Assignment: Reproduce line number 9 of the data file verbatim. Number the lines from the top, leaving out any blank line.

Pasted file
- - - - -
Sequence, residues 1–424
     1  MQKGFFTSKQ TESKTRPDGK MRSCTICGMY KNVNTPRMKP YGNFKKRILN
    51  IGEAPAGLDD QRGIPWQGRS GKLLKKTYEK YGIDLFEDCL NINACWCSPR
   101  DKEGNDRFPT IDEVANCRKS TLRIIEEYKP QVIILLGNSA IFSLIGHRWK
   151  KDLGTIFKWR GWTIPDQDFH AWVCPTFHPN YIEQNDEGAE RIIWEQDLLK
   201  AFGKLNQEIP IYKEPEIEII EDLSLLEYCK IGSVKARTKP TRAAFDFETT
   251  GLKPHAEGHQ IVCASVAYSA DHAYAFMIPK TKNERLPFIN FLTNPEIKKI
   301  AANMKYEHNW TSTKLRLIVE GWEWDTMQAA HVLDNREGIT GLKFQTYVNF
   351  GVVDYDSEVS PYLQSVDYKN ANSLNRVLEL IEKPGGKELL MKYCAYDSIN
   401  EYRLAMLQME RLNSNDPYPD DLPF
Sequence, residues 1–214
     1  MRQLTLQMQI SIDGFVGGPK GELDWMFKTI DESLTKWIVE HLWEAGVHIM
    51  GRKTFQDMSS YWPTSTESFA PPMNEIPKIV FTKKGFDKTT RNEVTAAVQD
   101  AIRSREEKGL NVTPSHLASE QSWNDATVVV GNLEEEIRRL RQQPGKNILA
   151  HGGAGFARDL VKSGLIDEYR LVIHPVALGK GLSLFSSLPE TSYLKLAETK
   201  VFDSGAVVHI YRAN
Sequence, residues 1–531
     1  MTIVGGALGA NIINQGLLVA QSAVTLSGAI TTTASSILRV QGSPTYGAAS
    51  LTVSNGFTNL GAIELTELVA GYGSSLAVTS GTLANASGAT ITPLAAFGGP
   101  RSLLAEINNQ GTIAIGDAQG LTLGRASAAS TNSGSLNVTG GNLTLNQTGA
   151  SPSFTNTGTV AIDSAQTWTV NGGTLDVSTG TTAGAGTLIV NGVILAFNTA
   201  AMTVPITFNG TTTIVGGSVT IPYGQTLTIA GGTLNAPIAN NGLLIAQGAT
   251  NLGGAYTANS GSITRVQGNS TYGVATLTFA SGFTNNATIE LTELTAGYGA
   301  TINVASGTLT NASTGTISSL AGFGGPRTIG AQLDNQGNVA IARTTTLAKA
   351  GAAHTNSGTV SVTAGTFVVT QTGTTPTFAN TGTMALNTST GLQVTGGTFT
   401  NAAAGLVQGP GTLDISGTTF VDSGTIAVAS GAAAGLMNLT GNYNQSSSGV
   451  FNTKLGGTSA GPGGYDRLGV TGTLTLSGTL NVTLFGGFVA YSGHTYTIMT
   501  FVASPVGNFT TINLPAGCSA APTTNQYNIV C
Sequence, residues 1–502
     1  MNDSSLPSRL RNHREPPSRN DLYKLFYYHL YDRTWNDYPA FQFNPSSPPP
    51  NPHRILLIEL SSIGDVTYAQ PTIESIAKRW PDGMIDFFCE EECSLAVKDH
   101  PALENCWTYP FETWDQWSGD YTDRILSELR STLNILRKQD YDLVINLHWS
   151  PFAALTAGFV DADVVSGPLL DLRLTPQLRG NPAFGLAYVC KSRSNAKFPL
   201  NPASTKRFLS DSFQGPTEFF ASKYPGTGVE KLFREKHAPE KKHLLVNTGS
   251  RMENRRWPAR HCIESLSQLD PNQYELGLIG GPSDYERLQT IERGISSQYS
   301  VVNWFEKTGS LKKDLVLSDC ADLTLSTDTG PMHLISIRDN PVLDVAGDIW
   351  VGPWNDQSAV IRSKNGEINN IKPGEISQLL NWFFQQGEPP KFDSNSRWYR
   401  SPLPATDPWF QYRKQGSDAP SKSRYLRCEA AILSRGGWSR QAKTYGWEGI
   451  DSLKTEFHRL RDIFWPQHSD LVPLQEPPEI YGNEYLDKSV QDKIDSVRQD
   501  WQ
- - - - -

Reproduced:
   351  GVVDYDSEVS PYLQSVDYKN ANSLNRVLEL IEKPGGKELL MKYCAYDSIN